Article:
American Aquarium rises from its death bed with new album 

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Burn. Flicker. Die. was supposed to be the end for American Aquarium. It was all right there in the title, even as the clock struck zero and time for this hardworking, alt-country band’s flame to be extinguished finally came. The record — made with lauded songwriter Jason Isbell — wasn’t a last grasp at fame but a fond farewell to all those who had stuck along since American Aquarium’s 2006 formation.

But it wasn’t. In fact, quite the opposite happened when the album broke out further than anything they had done before. All of a sudden, the fire under their asses started burning harder than ever with album sales spiking and shows suddenly selling out.

The irony isn’t lost on the guys.

“How funny is it that the record about us not making it is the one that allowed us to make it?” frontman and songwriter BJ Barham said. “Go figure.”

It theoretically could have been anything — maybe the ceaseless touring schedule finally paying off, luck or some other factor not even on the band’s collective radar. The most likely culprit, though, was the hard-to-swallow subject at the album’s very core.

“Your biggest fear is being a failure,” Barham said of Burn. Flicker. Die.’s fixation on defeat. “Getting out of college and having to stare the real world down smack-dab in the eyes, it’s like ‘Shit. I was never prepared for this.’”

The band’s fifth studio album was all about that disillusionment and disappointment with reality. They wanted nothing more than to spend every day for the rest of their existence playing music for a living, and after years of touring the country to play to as few as handfuls of people, that dream was destined for death. So Barham shared all those frustrations of working toward what felt like nothing and found a crowd of listeners who identified deeply with those same feelings.

“It resonated with people,” Barham said. “It’s a record about failure and working hard, not getting anywhere and having to give up on it. It hit our fans, and hit them hard.”

Roots in North Carolina means hard work runs in Barham’s veins, and he has witnessed his fair share of friends and family struggle hard for something and fail all the same … a fate he was prepared to accept.

“I come from a super blue-collar family,” Barham said. “Needless to say, I was taught from an early age that if you want something, you’ve got to work hard for it. No one’s going to hand it to you.” That’s what pushed him in even those darkest of times, when success in music felt furthest out of reach.

“There are plenty of bands that make great records who just wait for something to come to them,” Barham said. “I don’t think that happens anymore. You’ve got to earn it.”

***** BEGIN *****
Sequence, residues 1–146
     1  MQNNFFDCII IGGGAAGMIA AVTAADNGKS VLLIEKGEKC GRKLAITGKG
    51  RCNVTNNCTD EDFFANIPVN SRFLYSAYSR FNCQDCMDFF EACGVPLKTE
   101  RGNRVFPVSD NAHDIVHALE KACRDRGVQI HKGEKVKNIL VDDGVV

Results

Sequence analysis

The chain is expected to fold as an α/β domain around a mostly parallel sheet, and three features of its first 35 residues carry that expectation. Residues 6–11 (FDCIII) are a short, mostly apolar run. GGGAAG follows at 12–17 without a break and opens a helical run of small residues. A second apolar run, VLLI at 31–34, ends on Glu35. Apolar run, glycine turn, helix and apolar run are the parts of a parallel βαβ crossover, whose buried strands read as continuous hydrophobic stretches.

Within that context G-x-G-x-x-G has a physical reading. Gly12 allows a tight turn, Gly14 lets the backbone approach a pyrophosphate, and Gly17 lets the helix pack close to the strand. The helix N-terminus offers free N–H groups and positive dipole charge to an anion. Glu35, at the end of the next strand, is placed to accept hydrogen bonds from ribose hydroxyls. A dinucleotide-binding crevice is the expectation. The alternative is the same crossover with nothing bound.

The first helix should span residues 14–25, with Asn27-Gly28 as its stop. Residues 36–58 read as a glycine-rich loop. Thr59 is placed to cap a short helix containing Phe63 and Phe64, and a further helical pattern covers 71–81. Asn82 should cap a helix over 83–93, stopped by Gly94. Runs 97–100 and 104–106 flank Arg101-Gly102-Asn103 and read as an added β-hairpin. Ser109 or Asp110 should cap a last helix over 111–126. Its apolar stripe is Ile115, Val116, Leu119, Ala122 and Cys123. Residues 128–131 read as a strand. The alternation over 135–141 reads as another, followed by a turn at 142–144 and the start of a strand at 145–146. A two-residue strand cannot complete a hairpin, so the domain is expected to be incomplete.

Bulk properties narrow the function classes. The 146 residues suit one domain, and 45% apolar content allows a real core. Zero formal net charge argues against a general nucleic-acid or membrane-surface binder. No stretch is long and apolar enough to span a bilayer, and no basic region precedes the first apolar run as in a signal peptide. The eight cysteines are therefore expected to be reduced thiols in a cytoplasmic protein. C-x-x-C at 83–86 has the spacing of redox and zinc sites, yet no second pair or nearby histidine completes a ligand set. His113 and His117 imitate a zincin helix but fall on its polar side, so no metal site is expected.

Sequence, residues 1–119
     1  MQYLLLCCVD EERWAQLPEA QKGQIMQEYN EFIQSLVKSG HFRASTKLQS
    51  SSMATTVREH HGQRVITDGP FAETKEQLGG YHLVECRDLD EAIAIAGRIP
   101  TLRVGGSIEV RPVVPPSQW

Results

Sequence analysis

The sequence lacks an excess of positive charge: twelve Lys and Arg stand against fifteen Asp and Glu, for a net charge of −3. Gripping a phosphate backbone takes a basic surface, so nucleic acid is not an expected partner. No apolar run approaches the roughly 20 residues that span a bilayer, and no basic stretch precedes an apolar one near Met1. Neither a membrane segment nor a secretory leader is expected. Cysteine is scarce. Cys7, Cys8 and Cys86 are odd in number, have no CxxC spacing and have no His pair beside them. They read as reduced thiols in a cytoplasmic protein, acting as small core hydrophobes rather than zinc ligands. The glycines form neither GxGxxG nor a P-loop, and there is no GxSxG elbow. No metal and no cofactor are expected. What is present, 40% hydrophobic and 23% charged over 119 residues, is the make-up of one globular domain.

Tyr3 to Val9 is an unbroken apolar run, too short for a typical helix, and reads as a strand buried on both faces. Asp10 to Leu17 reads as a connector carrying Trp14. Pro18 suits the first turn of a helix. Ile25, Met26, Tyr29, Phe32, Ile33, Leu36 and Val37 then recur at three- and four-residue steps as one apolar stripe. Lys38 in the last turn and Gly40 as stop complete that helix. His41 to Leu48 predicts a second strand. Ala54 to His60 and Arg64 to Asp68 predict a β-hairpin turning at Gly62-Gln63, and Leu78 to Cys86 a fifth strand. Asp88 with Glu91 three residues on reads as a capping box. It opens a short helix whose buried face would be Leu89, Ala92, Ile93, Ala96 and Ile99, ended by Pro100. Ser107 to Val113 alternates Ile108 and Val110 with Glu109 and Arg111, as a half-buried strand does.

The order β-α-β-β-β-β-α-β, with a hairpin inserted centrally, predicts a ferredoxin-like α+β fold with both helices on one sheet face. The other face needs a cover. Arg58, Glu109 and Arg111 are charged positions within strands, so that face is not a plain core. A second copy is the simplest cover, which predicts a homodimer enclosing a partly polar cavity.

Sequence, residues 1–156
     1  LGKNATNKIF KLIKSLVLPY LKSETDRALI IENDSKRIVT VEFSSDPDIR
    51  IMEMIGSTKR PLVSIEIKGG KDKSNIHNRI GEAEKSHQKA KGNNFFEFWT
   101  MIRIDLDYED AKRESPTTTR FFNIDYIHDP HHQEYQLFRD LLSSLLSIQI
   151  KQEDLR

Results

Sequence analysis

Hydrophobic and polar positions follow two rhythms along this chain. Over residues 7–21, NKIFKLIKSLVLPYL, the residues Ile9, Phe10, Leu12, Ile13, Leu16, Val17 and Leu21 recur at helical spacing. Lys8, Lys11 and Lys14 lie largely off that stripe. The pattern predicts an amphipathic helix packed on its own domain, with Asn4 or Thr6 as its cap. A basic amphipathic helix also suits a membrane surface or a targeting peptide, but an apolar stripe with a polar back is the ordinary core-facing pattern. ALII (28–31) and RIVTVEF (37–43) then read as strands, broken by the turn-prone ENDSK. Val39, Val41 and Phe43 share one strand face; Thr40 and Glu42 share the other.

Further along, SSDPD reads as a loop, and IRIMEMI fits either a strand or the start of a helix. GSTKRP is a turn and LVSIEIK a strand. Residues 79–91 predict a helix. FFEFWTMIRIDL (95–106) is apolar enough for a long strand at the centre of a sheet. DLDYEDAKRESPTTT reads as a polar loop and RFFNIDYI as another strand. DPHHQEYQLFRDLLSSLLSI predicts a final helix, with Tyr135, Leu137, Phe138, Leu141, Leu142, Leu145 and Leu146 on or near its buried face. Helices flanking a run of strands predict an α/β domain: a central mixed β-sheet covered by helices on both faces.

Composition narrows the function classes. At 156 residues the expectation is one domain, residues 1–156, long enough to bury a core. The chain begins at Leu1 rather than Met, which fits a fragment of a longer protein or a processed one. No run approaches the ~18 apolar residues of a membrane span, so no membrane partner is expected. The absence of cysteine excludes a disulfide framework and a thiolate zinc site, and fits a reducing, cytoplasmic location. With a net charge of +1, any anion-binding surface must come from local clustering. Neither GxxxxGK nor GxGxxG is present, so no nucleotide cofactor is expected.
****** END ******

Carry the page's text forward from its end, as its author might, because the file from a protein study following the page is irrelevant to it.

That’s a feeling that bonds all the artists that hail from the alt-country wellspring that is Raleigh, North Carolina, the town responsible for Ryan Adams, Whiskeytown and Tift Merrit with The Avett Brothers coming from just down the road a ways (Concord).

“It’s the hotbed for that music,” Barham said. “It’s these punk rock kids who play country music. It’s the idea of working for what you got. It’s the music of the working man.”

And boy is Barham glad that all the blood, sweat, tears and miles out on the road have given him the future he has now. The freshly married frontman is on top of the world and living a dream, and it made the previously impossible seventh studio album Wolves a breeze to create.

“I’ve never been able to write about happy,” he said. “I’ve only ever been able to write about sad, about breaking up, about girls walking away. I’m 100 days sober, and it’s about getting away from all those things that had really held me down for all those years.”

The album also broadens the horizons from American Aquarium’s previous few “earthy” records to include a more heavily alt-rock indebted sound, tipping the scales in the direction of Dawes or Shovels & Rope.

“You can’t make the same record over and over again,” Barham said. “That gets boring. We made several more traditionally country-sounding records, so we wanted to go with a slightly different style of music. It’s still in that realm, but it’s pushing where that realm could be.”

Where Flicker. Burn. Die. centered on failure, Wolves is centered on success and happiness, and Barham won’t soon forget that its his loyal bandmates that kept him and American Aquarium — playing New Year’s Eve at Wormy Dog Saloon — moving even at the weakest points.

“That’s who we are. It’s about being a pack,” Barham said of the album’s title. “We eat together, we stay together, we travel together … and we look out for each other. This record is the culmination of that.”

Print headline: Working men, American Aquarium rises from its death bed with a new album and newfound success.

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